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Let $X,Y$ be independent geometric random variables with parameters $\lambda$ and $\mu$. If $Z=\min(X,Y)$. Show that $Z$ is geometric and find its parameter. (Answer $\lambda\mu$)

$\displaystyle P(Z=z)=P(\min(X,Y)=z)=P(\min(X,Y)\le z)-P(\min(X,Y)\le z-1)$

$=(1-P(\min(X,Y)> z)-(1-P(\min(X,Y)> z-1))$

$=P(\min(X,Y)> z-1)-P(\min(X,Y)> z)$

$P(X>z-1)P(Y>z-1)-P(X>z)P(Y>z)$

Thus;

$\displaystyle\bigg(\sum_{j=z}^{\infty}(1-\lambda)^j\lambda\bigg)\bigg(\sum_{j=z}^{\infty}(1-\mu)^j\mu\bigg)-\bigg(\sum_{j=z+1}^{\infty}(1-\lambda)^j\lambda\bigg)\bigg(\sum_{j=z+1}^{\infty}(1-\mu)^j\mu\bigg)$

$=\displaystyle\lambda\mu\frac{(1-\lambda)^z}{1-(1-\lambda)}\frac{(1-\mu)^z}{1-(1-\mu)}-\lambda\mu\frac{(1-\lambda)^{z+1}}{1-(1-\lambda)}\frac{(1-\mu)^{z+1}}{1-(1-\mu)}$

$=(1-\lambda)^z(1-\mu)^z-(1-\lambda)^{z+1}(1-\mu)^{z+1}$

but this is not true, because if I set $z=0$, it should give $\lambda\mu$, but my formula gives something else, where did I do a mistake ?

Thanks for your help.

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  • $\begingroup$ There are several posts of exactly the same question. Judging by the content, it's hard to decide which one should be deemed the original and the others duplicate. In chronological order: 90782, 1040620, 1056296, 1169142, and 1207241. $\endgroup$ – Lee David Chung Lin Mar 21 '18 at 1:11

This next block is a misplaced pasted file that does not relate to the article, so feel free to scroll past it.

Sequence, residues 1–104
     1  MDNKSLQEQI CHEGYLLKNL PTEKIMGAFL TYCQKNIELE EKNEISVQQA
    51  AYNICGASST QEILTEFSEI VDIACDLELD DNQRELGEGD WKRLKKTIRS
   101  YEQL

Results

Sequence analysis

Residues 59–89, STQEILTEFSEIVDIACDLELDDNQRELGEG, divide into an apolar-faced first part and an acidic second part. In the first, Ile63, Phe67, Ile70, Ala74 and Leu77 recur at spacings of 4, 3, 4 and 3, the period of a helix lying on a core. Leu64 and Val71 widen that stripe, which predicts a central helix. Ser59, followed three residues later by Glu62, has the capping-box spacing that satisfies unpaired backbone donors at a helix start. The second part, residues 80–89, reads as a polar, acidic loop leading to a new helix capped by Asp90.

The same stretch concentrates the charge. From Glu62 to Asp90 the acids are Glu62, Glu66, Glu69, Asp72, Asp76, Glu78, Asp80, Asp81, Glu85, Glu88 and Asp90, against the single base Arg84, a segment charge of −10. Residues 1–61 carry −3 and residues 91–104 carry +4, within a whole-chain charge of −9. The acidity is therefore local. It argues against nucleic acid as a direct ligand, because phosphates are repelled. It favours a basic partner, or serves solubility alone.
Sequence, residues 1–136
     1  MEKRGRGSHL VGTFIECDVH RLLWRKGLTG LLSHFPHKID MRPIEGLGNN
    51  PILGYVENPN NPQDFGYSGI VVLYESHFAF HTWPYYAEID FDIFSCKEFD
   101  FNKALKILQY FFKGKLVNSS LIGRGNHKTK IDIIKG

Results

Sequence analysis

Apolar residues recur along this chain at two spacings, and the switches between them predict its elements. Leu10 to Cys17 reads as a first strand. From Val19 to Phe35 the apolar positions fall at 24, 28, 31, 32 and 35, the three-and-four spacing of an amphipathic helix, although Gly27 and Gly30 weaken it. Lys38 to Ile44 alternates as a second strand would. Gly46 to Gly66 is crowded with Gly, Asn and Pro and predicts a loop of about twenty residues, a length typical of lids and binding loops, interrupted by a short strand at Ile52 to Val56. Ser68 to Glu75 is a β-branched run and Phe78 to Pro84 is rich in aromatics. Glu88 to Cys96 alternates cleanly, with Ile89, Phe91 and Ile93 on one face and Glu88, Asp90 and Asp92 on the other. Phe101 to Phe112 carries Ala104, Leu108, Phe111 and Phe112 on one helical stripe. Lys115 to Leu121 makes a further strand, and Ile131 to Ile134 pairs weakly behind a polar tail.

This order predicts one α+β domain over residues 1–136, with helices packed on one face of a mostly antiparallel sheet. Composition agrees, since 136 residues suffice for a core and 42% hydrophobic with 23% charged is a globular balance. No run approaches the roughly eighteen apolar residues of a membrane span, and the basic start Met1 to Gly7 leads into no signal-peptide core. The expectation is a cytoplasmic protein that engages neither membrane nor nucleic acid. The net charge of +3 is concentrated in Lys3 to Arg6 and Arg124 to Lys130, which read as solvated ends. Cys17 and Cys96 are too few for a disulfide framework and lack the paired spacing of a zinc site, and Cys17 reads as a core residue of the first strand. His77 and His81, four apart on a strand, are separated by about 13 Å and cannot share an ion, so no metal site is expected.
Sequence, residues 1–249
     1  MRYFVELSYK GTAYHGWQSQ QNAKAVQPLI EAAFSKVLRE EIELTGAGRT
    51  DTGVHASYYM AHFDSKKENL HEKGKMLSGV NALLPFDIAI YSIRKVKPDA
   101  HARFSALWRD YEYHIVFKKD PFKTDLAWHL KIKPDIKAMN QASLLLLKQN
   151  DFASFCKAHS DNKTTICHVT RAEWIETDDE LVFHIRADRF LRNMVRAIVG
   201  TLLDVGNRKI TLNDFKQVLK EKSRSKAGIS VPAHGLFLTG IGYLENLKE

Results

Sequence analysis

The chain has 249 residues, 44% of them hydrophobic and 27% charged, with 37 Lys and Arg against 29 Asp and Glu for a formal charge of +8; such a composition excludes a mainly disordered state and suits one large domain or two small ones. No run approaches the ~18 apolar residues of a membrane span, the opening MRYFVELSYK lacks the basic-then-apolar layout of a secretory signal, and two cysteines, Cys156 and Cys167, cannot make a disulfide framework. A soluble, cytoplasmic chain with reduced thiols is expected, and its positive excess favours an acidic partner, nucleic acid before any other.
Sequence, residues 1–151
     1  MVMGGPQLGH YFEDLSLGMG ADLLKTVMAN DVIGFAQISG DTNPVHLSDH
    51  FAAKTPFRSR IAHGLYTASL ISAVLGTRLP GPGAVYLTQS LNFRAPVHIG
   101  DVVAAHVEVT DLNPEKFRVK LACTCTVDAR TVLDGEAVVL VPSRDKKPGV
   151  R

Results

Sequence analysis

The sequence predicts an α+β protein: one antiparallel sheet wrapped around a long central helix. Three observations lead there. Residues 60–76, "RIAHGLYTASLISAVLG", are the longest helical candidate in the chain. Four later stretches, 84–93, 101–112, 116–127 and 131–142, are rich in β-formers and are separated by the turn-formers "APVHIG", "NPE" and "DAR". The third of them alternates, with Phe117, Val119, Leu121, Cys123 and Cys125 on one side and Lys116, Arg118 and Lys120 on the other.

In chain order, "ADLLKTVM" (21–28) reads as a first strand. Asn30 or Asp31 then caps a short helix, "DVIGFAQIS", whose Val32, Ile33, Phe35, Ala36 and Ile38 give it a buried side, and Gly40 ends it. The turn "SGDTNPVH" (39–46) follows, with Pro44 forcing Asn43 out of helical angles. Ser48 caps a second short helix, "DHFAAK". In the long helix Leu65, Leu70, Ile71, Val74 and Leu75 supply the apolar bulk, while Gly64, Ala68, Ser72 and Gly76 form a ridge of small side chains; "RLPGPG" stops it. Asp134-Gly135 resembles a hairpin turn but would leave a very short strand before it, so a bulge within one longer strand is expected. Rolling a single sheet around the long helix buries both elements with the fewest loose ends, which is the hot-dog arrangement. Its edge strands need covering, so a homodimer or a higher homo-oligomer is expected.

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If the answer is to be $\lambda\mu$, then the "parameter" being referred to is the probability of failure. This is in fact a common choice for the parameter of the geometric. You used as parameter the probability of success.

Your computations can be much shortened. For note that $$\Pr(\min(X,Y)\gt t)=\Pr((X\gt t)\cap (Y\gt t))=\lambda^t\mu^t=(\lambda\mu)^t.$$

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  • $\begingroup$ but Is $\Pr(X>t)$ not $\lambda^{t+1}$, what is your $X$, number of failure before reaching a success ? $\endgroup$ – OBDA Jun 24 '14 at 11:33
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    $\begingroup$ It depends on the definition of what $X$ stands for, the number of failures until the first success, or the number of trials. If you look for example at Wikipedia, geometric distribution, you will see that this is a standard use of the term "geometric distribution." So is the other one, and the "trials" version is more common in elementary books. In the failures version, it would be$\lambda^t$, in the trials version it would be $\lambda^{t-1}$. $\endgroup$ – André Nicolas Jun 24 '14 at 11:47

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